How do I know how much of a chemical can be collected on a sorbent badge or tube?

NIOSH has defined sampler capacity as two-thirds of the experimental breakthrough capacity of the solid sorbent, for gases and vapors. Sampler capacity is a conservative estimate of the total mass of chemical that can be absorbed on the sampling media, without loss or overloading. Use the sampling method to determine the working range in ppm and ug per sample. This will give you an approximate range for capacity.

Why are blanks required by the lab for each set of sampling tubes or cassettes I submit?

  • Media Blanks:  Since Assay Technology does not manufacuture this media, nor does it analyze this media regularly, we require the customer provide a blank with their samples to be added or a blank will be added for them so the background, if any can be corrected for.  However, if the customer provides a Field Blank, the laboratory will analyze a media blank, free of charge.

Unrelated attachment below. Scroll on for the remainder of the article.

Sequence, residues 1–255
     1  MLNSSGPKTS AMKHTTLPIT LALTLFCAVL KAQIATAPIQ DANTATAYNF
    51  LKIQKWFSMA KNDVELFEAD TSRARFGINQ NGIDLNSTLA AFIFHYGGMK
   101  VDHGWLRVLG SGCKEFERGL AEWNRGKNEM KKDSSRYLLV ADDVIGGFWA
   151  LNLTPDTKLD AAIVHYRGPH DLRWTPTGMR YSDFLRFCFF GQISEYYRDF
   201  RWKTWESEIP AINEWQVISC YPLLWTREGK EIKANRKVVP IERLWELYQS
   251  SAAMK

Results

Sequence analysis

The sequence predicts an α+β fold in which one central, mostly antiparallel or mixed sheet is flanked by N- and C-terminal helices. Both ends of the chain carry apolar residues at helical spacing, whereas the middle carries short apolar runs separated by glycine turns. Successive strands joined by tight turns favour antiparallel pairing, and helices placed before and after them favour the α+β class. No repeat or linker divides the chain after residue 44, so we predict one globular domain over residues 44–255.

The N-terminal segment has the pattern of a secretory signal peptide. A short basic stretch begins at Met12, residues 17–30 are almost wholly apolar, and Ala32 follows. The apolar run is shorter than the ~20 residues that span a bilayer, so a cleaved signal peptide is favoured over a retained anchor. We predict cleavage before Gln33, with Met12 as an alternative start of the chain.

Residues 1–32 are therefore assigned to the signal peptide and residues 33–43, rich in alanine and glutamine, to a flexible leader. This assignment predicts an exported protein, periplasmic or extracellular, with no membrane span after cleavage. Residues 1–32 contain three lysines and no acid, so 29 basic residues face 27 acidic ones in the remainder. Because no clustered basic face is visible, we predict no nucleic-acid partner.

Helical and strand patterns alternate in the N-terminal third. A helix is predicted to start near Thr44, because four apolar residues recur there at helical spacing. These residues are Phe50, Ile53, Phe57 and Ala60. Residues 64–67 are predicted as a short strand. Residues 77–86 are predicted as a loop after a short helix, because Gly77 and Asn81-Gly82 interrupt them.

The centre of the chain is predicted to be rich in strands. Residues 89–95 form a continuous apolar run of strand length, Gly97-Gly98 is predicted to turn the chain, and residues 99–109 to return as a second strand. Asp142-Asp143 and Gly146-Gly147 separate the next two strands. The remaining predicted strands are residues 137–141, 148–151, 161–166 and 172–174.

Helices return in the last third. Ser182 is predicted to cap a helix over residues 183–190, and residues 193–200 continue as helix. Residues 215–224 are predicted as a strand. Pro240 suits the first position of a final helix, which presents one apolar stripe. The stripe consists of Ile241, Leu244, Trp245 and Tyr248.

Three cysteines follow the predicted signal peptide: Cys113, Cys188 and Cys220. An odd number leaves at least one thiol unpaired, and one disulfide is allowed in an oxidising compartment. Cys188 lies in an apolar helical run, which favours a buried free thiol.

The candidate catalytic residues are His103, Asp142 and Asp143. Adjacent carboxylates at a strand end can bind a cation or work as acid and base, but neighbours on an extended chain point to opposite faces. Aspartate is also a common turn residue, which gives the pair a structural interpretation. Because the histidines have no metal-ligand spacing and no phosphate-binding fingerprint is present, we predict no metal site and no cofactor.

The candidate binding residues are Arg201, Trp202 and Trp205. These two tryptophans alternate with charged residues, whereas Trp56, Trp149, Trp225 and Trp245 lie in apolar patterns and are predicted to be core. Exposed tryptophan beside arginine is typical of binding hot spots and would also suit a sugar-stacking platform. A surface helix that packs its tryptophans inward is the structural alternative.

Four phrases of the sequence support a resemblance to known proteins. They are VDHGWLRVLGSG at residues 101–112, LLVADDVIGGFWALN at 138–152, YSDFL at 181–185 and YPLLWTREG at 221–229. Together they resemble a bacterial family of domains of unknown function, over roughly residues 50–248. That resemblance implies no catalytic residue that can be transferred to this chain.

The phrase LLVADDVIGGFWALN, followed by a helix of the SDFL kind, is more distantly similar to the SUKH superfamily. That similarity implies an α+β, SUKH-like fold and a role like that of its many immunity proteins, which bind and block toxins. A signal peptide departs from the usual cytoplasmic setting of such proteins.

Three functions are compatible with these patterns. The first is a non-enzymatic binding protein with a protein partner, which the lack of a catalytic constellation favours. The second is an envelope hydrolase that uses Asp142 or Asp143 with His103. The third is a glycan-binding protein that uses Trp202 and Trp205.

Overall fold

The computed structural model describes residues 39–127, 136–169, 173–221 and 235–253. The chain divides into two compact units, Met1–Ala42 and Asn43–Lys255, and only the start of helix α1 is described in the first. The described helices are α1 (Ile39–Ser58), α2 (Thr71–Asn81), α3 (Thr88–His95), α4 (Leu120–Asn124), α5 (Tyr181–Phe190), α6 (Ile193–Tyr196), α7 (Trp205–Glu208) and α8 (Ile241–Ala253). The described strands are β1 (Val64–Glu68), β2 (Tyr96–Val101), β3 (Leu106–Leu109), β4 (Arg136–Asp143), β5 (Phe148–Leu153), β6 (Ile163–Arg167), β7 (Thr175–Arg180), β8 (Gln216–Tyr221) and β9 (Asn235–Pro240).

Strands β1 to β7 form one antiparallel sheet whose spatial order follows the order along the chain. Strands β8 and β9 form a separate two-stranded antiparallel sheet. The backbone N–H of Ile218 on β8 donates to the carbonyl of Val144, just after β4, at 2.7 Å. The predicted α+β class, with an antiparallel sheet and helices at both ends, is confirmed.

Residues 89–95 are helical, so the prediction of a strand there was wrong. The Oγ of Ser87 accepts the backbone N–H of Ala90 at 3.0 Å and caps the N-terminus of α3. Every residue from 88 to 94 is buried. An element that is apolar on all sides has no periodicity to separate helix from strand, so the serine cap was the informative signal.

• Field Blanks: The use of field blanks to monitor and correct for any background comtamination that may have occurred during storage, handing or shipping is recommended.  Unless requested, the laboratory will not Field Blank correct results.  

Are blanks required by the lab for the analysis of Assay Technology personal monitors?

  • Media Blanks:  It is not required that customers submit blanks when using Assay Technology badges.  The laboratory is always analyzing our own badges, we will automatically analyze a blank monitor with every analytical batch and blank correct as appropriate. 
  • Field Blanks:  The use of field blanks to monitor and correct for any background comtamination that may have occurred during storage, handing or shipping is recommended (especially for the Nitrous Oxide badge, 575). 

Are colorimetric tubes recommended for compliance sampling?

While detector tubes are an efficient tool for screening purposes or field surveys, most do not offer the specificity required to ensure measurement of exposures to a single chemical. In addition, most detector tubes do not meet the accuracy and precision criteria for sampling and analytical methods, as set forth by OSHA, of +/- 25% of the true value, at a 95% confidence level, at the PEL